In addition to our regular match previews on the eve of our CL fixtures, we’re publishing a series of articles looking at each of our host clubs and their cities in a little more depth. Today, Matthew Philpotts guides us through Milan.
Rijkard, Gullit, van Basten. Maldini, Baresi, Costacurta.
At the dawn of the 1990s, Kevin Dillon, Roy Aitken, and Micky Quinn didn’t quite have the same cachet. Neither did Mark Stimson, Kevin Scott, and Benny Kristensen for that matter.
And needless to say, the crumbling windswept, half-empty terraces of St James didn’t inhabit the same world as the shimmering jewel of the Stadio Giuseppe Meazza and its iconic winding ramps that we first witnessed at Italia 90 and then on Football Italia. Thank God the now creaking old edifice has recently been saved from impending demolition!
While we were getting relegated and sinking inexorably down Division Two, Arrigo Sacchi’s “immortals” were winning back-to-back European Cups in 1989 and 1990. Sandwiched in a run of three CL finals in 1993-95, the 4-0 destruction of Barcelona by that team’s immediate successors, Fabio Capello’s “invincibles”, was an era-defining victory.
AC Milan were truly the icons of that age.
Mind you, it wasn’t always that way before those Berlusconi bunga bunga teams of the late 80s and early 90s. Founded in the 1890s, Milan enjoyed unprecedented success in the 1900s with three Serie A titles, before another trophy-laden period in the 1950s. In between, not so much. In fact nothing at all. Remind you of anyone, just a little?
If we’re doing comparisons, then Milan, like Newcastle, is very much a standard bearer for the North, with very different cultural attitudes, or at least perceptions, than the South of Italy. And like Newcastle, it’s an area shaped by its proximity to the country’s northern border. Extending into the Alps and butting up to Switzerland, the wider Milan area is strongly influenced by Central European traditions rather than those of the Mediterranean South which so many associate with Italy.
But there the similarities end. While the two cities might share a fierce work ethic, Milan’s status as the economic powerhouse of the country – the wealthiest city in Italy and home to the Italian stock exchange – gives the Milanese a reputation for being more business-like, stand-offish, and snobbish and less convivial and welcoming than their Southern compatriots. Hardly a match for the legendary Geordie hospitality.
In footballing terms, it’s perhaps no coincidence then that it was the two Milan clubs that pioneered a more hard-headed professional approach in Italy in the 1950s, including the adoption – from Switzerland, as it happens – of the uncompromising, ultra-defensive catenaccio. Success followed. Lots of it.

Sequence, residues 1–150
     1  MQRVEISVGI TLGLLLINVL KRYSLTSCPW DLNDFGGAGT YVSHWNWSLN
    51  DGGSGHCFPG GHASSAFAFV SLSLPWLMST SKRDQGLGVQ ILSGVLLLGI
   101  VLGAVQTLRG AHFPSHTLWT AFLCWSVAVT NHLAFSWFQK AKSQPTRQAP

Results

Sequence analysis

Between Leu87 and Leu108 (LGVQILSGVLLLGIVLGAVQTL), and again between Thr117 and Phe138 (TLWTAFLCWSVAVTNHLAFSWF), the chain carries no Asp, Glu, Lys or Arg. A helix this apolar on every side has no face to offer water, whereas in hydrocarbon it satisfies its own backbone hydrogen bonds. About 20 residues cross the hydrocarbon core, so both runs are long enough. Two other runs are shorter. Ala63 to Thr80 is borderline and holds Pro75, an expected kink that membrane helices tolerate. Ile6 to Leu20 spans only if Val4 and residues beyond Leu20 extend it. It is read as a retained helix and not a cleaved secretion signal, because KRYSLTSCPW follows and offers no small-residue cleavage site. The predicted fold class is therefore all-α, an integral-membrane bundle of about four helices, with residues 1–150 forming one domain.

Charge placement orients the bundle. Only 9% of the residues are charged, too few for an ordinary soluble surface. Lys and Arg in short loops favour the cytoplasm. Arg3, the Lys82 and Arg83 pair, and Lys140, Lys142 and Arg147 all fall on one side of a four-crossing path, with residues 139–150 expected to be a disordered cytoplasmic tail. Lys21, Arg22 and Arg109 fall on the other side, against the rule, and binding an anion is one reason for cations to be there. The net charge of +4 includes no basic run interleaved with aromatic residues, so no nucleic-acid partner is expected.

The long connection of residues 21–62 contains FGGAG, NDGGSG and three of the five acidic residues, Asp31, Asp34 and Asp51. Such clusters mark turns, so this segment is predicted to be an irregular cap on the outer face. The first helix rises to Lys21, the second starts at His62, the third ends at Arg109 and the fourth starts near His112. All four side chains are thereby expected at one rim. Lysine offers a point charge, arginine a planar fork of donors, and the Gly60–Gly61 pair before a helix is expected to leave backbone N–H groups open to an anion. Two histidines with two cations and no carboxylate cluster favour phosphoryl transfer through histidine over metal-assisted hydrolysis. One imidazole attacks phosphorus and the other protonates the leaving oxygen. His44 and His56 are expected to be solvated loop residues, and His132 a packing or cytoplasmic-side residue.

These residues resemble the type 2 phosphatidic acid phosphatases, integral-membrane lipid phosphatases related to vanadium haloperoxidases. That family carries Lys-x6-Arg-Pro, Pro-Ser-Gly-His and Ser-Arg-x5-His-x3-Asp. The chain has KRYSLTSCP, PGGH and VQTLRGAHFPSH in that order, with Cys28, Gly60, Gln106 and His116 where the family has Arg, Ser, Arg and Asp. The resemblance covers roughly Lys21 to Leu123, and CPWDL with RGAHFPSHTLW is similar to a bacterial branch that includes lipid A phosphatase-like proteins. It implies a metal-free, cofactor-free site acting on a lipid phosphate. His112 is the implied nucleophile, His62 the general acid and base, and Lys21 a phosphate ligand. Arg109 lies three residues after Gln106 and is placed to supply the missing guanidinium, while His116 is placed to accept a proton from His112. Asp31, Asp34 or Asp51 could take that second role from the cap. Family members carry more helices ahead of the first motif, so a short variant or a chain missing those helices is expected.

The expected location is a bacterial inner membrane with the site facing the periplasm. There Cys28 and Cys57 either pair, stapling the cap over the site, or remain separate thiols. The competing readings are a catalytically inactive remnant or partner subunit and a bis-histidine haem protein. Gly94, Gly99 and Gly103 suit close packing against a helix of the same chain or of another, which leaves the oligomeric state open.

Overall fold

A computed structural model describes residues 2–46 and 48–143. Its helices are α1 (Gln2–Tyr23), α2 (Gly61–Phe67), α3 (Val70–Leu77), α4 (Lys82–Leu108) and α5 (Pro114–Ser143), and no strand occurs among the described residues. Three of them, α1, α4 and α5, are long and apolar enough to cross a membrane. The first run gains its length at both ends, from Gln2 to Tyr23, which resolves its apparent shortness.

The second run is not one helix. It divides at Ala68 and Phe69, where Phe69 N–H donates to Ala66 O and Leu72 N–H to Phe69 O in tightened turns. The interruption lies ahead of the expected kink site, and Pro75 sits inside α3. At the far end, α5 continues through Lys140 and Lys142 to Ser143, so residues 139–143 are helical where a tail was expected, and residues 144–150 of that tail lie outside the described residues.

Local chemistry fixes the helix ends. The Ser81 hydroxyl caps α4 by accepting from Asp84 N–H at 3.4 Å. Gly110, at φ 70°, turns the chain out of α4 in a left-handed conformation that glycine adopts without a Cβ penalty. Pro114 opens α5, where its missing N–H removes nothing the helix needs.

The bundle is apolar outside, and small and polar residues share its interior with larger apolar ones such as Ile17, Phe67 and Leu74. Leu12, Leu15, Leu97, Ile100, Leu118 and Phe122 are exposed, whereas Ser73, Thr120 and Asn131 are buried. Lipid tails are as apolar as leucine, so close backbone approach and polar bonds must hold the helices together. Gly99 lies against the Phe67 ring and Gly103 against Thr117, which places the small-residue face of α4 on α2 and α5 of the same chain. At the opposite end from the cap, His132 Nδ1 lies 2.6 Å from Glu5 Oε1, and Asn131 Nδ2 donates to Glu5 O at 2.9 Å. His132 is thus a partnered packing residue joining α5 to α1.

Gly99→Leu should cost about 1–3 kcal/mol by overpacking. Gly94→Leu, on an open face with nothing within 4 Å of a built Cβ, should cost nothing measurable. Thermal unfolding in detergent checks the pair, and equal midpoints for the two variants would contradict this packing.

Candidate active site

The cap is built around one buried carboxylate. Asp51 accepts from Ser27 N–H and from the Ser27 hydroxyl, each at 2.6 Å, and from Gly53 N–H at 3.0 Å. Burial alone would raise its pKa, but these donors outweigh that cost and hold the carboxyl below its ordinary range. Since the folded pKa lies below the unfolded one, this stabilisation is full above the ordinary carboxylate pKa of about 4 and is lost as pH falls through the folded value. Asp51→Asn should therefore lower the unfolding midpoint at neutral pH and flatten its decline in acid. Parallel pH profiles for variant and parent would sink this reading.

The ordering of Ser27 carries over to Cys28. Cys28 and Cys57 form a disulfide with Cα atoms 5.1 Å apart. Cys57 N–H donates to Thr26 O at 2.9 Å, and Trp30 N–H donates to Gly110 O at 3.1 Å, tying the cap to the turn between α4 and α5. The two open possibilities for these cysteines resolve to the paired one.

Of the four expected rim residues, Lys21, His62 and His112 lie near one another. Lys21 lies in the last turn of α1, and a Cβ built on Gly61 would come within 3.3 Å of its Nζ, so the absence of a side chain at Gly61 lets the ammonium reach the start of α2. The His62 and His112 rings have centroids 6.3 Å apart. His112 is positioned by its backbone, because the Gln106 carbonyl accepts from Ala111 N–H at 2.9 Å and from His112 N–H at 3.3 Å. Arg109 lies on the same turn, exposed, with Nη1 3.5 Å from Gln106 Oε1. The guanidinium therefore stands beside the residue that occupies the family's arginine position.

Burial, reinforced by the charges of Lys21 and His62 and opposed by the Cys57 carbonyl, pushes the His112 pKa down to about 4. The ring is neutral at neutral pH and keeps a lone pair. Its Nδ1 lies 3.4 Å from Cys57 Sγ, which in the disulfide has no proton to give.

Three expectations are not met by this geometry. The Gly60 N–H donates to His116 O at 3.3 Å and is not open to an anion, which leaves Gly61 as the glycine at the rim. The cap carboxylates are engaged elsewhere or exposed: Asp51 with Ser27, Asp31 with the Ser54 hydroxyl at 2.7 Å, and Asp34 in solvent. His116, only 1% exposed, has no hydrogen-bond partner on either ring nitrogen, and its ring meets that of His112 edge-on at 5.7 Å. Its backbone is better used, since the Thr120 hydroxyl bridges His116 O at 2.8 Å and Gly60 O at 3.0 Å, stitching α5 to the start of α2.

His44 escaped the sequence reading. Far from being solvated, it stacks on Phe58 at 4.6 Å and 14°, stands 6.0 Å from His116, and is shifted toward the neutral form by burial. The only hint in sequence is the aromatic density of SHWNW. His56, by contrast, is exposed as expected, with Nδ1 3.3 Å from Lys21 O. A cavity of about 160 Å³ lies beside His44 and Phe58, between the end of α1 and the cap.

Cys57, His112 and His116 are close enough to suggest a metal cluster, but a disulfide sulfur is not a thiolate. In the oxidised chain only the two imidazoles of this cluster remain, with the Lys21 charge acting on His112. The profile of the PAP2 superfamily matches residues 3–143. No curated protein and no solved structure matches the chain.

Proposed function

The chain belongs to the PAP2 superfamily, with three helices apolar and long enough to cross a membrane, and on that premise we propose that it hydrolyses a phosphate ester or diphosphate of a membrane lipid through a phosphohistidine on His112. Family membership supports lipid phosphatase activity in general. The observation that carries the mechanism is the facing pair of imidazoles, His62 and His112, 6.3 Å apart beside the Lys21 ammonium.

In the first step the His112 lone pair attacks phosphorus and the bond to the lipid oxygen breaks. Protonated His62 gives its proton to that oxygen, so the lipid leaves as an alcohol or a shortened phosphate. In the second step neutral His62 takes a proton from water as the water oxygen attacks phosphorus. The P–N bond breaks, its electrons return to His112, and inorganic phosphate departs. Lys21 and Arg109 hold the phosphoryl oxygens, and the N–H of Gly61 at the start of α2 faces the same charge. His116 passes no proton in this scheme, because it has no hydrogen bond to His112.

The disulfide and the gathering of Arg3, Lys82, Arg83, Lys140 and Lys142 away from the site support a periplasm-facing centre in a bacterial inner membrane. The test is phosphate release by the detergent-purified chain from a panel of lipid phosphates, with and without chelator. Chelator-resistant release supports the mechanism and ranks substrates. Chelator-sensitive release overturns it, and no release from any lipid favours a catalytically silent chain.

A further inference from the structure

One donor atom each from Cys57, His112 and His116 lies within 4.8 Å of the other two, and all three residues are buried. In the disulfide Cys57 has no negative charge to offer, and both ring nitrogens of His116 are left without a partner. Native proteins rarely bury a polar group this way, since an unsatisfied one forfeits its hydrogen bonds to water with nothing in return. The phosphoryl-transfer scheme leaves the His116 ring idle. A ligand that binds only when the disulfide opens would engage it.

As for the division within the city between AC Milan and their fellow San Siro residents Inter, that came from a split in the original Association Football and Cricket Club of Milan in 1908. While Milan – ironically always given its English name even in Italy because of its English founder – wanted to concentrate more on Italian players, the breakaway club founded its identity on being open to all nationalities. Hence Internazionale.
Thereafter, it was traditionally Milan whose support came from the working classes and trade unions, while Inter fans were more bourgeois and middle class. In fact, while Milan were once known as the casciavit, literally “screwdrivers”, to reflect their blue collar origins, Inter were referred to as bauscia (braggarts or snobs) and their fans as moteretta because they could afford to drive scooters while their rivals relied on public transport.
That distinction has long since evaporated, not least because of the Berlusconi years and Milan’s wealthy reputation. Toon fans travelling this time around will be drinking – resolutely mackem-free – in the midst of Milan fashion week. But where?
Well, the bars and restaurants of the canal area are the obvious place to start. A visit to the Duomo and then a saunter through the sumptuous shopping colonnades of the Galleria Vittorio Emanuele II are a must. If we’re going the whole hog, then a visit the opera at La Scala or a trip up the road to Lake Como would be suitably stylish accompaniments to the football in swanky modern-day Milan. A personal favourite is the design museum, the Triennale di Milano.
Understandably, much attention next week will be devoted to Tonali’s return to the boyhood club that sold him, but that’s small beer in the grand scheme of things. With their seven triumphs in Europe’s premier club competition, I Rosseneri are genuine European footballing royalty.
And for those of us whose footballing education came in the late 1980s, this feels like unfinished business. Last time around, we got to play at the San Siro but not against the red and black shirts that Maldini and van Basten wore in that version of football that seemed so impossibly far-removed from our struggles to compete with Plymouth, Oxford United, and Port Vale. It still seems crazy that we’re here at all, no matter the result.
Oh and that’s also the same shirt, let’s not forget, that was borne in such style by the mighty Andreas Andersson. But that’s an altogether different story.
Newcastle United – Key information for Newcastle fans travelling to Milan for the Champions League tie – click here
Newcastle United Supporters Trust – Supporters Trust Guide to Milan – click here